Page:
An official website of the United States government
Here's how you know
A .mil website belongs to an official U.S. Department of Defense organization in the United States.
A lock (lock ) or https:// means you’ve safely connected to the .mil website. Share sensitive information only on official, secure websites.

9th SFS conducts pilot-rescue exercise

  • Published
  • By Staff Sgt. Robert M. Trujillo
  • 9th Reconnaissance Wing Public Affairs
Airmen from the 9th Security Forces Squadron conducted a pilot-rescue exercise at Dragon Town here, Oct. 9.

The scenario involved the simulated downing of a U.S. aircraft and the capture of the pilots by opposition forces.

With the aid of Air Force contractors, security forces Airmen were tasked with the recovery of the downed pilots.

The rescue team conducted a recovery operation in a simulated village while utilizing Beale's MC-12W Liberty aircraft to provide tactical reconnaissance.

"The (MC-12) is our eyes in the sky. It allows our ground forces a real-time view of the battle space," said Capt. John Hart, 9th SFS commander. "Our defenders were able to utilize this cutting-edge technology just like they would in a deployed location."

Once in the village, the rescue team was engaged by opposition forces with simulation and blank rounds.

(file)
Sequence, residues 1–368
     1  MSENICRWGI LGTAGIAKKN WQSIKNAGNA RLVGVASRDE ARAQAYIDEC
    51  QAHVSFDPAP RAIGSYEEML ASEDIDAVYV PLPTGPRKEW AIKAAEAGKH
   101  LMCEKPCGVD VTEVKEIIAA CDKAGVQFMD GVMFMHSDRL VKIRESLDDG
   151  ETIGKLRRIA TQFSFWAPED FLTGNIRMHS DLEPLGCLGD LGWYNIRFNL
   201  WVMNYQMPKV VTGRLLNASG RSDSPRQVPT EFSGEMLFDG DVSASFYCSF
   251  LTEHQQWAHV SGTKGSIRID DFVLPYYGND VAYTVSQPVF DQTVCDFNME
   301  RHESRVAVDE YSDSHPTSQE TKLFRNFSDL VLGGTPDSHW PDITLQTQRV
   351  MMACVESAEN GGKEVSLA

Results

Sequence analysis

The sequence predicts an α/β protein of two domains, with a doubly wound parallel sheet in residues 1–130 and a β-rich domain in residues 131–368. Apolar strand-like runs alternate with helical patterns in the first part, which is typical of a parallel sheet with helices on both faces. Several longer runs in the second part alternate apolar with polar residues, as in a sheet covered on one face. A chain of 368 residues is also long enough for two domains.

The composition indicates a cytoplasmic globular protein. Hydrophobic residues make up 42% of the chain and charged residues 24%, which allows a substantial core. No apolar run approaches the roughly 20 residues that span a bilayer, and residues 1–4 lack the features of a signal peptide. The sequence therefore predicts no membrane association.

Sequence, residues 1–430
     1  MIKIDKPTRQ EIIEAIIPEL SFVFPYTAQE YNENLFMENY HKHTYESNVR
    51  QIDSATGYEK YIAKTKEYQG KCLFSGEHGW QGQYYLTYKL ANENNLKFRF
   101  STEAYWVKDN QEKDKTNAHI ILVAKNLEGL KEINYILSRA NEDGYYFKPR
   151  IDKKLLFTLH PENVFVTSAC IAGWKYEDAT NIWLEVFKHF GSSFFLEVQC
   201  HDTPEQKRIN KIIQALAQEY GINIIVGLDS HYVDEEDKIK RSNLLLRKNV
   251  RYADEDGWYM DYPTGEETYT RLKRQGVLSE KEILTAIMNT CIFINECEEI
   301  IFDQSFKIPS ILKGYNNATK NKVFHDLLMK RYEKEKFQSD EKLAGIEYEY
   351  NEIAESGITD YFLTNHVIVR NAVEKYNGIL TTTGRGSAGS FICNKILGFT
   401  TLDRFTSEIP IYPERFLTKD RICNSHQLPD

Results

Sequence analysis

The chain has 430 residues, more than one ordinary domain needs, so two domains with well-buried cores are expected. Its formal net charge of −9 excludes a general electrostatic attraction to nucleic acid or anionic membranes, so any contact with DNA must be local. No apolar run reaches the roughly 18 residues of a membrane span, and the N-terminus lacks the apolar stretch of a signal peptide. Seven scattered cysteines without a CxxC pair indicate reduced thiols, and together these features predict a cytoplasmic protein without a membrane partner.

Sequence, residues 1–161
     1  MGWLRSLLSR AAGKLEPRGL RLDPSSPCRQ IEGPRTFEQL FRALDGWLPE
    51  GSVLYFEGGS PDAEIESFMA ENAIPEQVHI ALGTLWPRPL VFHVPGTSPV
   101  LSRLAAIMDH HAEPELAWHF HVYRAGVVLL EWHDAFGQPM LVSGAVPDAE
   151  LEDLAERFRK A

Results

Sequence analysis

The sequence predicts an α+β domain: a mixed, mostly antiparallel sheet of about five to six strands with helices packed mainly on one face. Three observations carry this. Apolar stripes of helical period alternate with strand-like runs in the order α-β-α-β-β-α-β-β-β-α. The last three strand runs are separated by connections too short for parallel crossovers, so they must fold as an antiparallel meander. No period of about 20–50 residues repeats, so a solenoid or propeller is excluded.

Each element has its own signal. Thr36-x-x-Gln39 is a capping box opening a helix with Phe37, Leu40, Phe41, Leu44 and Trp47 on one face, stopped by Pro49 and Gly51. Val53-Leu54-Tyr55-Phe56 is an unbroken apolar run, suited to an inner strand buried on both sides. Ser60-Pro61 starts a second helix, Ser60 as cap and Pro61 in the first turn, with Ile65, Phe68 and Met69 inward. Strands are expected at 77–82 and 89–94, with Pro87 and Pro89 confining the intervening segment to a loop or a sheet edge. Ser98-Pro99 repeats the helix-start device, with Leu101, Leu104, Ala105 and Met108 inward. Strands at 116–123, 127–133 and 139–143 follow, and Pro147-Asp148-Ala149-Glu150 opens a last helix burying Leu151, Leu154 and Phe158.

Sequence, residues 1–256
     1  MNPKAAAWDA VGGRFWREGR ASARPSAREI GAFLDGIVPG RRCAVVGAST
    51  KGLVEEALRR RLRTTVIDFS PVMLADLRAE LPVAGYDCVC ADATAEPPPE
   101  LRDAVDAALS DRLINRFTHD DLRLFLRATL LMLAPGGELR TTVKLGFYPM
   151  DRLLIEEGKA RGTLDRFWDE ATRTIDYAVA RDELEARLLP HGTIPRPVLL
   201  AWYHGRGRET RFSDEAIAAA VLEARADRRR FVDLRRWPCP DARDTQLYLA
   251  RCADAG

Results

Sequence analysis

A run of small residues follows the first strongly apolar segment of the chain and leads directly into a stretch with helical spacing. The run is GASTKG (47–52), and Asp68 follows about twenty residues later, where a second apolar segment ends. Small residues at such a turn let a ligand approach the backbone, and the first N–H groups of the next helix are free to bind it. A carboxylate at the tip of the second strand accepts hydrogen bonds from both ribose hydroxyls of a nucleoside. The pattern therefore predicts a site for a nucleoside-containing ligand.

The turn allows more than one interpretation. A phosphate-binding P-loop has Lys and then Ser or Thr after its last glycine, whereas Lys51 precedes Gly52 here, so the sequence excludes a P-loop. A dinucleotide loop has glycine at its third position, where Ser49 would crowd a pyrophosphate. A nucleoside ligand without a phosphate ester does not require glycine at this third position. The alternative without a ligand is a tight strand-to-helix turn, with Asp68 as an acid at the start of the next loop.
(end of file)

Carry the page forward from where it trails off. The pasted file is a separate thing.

Air Force contractors with real-world recovery operation experience demonstrated proper movements, communication and tactics.

"There is no substitution for first-hand knowledge," said Staff Sgt. Kirsten Bradley, 9th SFS trainer. "Our Airmen received training straight from subject matter experts."

According to Hart, the exercise highlighted security forces' ability to execute outside-the-wire missions.

"Current conflicts require our Airmen to go outside the wire and bring the fight to the enemy," Hart said. "This training is essential to fighting the global war on terrorism."

Master Sgt. Damien Larche, 9th SFS NCO in charge of training, emphasized the importance of the training.

"Having the opportunity to simulate a scenario our Airmen may encounter downrange is time well spent," Larche said. "The knowledge gained from this exercise is vital."